“Like I said, Lo,” Connor finishes, “I know how to use the door.”
Ryke nods to me. “You going to give me an out too?”
“No, if I’m going down, you’re burning with me.”
“Does that qualify as a brotherly obligation?”
“For me, yeah.”
Daisy fumbles with the remote and it drops loudly on the hardwood. “Sorry,” she mumbles and continues to stare at the black television.
I want to watch the news and figure out how much the media already knows. Finding the leak has become a second priority. Our first task is to clean up whatever blowback we’re about to receive. I suspect Greg Calloway and possibly my father are already working with a team of lawyers to subdue the crisis. One of the many reasons they’ll want to talk to us.
I don’t trust them. But I do trust the people in this room, and that’s enough to put me at ease for the current moment.
I realize Daisy is still in the dark—about a lot of things. It’s not fair to her, especially since we’ll be talking freely now. “Do you have any questions, Daisy?” I ask, slouching on the couch.
She places the remote carefully on the coffee table and sits cross-legged on the floor.
“I do have a beanbag,” Ryke says.
“I see it.” But she hugs her knees loosely, making no move. Her eyes flit to me. “I have hundreds of questions, but I can wait to ask Lily. I don’t want her to be upset if you reveal something that she wants to keep secret.”
“You’re going to hear it on the television or the tabloids anyway,” I tell her. “She would prefer if you knew the truth from me.”
She hesitates. “I can ask anything?”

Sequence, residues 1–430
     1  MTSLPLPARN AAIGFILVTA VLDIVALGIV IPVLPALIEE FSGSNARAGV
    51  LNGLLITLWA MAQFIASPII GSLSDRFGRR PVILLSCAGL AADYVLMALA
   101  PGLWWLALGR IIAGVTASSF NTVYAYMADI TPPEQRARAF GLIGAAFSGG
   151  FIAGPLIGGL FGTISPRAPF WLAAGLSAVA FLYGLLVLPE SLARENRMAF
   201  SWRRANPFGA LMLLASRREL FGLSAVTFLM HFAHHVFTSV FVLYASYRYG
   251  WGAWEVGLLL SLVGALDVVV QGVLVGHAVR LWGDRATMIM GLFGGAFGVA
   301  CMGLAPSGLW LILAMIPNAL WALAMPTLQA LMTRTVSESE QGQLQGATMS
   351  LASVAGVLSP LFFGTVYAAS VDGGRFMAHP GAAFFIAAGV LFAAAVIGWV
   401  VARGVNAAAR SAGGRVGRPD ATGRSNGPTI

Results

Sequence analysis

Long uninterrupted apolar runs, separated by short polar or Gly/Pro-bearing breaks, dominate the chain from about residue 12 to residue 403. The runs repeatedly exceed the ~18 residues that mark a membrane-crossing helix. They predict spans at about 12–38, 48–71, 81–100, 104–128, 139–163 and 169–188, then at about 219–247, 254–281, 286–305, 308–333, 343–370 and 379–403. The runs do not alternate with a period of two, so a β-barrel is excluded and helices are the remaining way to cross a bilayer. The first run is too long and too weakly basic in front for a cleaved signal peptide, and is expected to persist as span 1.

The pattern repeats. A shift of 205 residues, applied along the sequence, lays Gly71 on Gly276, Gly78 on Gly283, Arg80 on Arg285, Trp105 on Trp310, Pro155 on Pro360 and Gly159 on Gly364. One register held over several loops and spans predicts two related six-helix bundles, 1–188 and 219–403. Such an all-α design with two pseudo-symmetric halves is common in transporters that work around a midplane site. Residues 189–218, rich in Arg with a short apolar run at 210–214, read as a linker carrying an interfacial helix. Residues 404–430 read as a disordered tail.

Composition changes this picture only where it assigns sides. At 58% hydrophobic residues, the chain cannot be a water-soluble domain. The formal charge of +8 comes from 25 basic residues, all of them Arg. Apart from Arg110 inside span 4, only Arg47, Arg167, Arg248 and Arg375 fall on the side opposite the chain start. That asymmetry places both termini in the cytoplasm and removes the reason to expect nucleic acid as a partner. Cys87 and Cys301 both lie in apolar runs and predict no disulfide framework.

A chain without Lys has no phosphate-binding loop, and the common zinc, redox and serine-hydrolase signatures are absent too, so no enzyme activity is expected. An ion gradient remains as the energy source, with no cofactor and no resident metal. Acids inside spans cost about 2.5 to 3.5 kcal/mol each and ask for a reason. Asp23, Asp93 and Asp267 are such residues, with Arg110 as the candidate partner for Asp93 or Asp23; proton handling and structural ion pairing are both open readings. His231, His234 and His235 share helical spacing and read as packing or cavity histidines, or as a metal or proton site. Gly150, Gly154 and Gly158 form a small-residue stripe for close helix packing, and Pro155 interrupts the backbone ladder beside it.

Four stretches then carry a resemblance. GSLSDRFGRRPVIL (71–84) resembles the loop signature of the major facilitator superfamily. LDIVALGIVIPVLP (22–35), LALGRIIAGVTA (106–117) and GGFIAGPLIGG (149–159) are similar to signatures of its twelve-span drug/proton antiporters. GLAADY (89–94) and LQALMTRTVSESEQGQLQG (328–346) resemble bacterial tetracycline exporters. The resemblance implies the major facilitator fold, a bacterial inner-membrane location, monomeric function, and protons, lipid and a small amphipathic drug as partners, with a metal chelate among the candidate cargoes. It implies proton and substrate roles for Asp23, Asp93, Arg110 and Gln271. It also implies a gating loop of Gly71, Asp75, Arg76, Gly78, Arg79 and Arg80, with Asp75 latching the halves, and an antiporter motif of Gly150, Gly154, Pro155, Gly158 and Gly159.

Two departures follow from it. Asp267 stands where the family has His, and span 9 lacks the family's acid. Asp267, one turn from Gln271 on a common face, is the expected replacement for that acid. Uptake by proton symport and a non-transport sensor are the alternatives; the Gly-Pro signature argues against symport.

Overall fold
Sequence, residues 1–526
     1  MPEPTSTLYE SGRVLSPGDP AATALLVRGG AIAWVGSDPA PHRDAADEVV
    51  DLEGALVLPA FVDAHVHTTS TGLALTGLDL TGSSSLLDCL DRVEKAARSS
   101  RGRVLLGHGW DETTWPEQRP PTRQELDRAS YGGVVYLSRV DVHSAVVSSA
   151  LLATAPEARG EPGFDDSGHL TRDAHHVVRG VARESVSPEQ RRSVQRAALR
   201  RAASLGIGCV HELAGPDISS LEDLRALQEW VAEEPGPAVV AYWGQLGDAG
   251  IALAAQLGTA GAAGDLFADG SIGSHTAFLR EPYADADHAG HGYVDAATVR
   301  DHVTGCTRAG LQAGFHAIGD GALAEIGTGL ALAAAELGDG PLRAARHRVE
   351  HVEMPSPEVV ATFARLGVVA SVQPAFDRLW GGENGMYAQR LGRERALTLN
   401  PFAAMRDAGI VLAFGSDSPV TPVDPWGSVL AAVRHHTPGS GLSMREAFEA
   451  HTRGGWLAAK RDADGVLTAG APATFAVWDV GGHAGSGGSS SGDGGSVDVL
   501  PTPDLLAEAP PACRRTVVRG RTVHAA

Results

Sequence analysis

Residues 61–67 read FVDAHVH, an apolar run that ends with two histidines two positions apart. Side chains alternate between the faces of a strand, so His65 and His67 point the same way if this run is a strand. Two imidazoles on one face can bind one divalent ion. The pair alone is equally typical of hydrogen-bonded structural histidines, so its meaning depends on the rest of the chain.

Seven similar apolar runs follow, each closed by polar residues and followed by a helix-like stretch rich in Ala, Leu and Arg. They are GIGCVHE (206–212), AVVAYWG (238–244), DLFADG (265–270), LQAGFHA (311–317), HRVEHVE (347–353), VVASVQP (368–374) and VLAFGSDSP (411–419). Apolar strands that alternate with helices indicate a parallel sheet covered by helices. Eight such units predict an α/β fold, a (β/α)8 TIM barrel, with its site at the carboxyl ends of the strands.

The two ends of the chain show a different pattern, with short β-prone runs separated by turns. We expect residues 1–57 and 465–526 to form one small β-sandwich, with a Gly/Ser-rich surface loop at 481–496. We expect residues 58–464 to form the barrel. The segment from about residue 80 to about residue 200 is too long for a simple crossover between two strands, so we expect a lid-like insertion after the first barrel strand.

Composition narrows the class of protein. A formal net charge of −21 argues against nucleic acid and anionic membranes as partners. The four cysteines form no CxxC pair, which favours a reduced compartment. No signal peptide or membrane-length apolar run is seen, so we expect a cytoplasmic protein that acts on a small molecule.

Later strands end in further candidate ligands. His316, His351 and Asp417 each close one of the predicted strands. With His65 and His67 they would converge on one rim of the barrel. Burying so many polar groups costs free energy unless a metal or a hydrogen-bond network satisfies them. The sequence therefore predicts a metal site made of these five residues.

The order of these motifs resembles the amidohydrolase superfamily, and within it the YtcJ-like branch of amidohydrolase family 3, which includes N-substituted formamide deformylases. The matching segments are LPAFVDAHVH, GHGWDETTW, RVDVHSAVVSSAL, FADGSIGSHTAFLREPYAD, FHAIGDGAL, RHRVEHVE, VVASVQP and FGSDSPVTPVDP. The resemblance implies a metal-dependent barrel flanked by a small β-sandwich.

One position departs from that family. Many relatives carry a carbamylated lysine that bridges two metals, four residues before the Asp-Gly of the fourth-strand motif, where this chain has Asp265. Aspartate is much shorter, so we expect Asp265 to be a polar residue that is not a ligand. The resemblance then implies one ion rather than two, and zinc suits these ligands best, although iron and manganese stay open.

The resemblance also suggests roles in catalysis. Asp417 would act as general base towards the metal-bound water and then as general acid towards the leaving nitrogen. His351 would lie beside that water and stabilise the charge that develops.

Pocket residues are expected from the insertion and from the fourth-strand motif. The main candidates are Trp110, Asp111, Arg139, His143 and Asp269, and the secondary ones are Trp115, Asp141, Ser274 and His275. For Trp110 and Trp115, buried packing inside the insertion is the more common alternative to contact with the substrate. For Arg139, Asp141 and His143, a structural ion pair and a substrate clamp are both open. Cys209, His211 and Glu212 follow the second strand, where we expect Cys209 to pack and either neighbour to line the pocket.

Anything is a strong word, but I’m confident in my ability to deflect the too-personal questions. I agree with a nod.
“If this is going to be a Q&A, then I have a couple questions as well,” Ryke says.
I smile bitterly. “Of course you do.”
Daisy throws the nearest pillow at him. “This is my Q&A.”
He catches the pillow. “Now you’re throwing my things, but you won’t sit on the damn beanbag?”
“You’re pushy—did anyone ever tell you that?”
“I do all the time,” I say. “He never listens.”
Ryke raises his hands like what the fuck. “I’m sorry if I can tell that there’s an uncomfortable girl on my f**king floor, and I know how to fix the problem.”
“Don’t,” I warn him. We’re not opening those floodgates ever, ever again. I can withstand him being friendly to Daisy in tiny microscopic doses, but when he starts talking about girls on floors and fixing shit, it makes me nervous.
Daisy asks the first question, which doesn’t necessarily lessen any tension in the room. I’m not sure anything can after the leak. “Have you and Lily been in an open relationship?”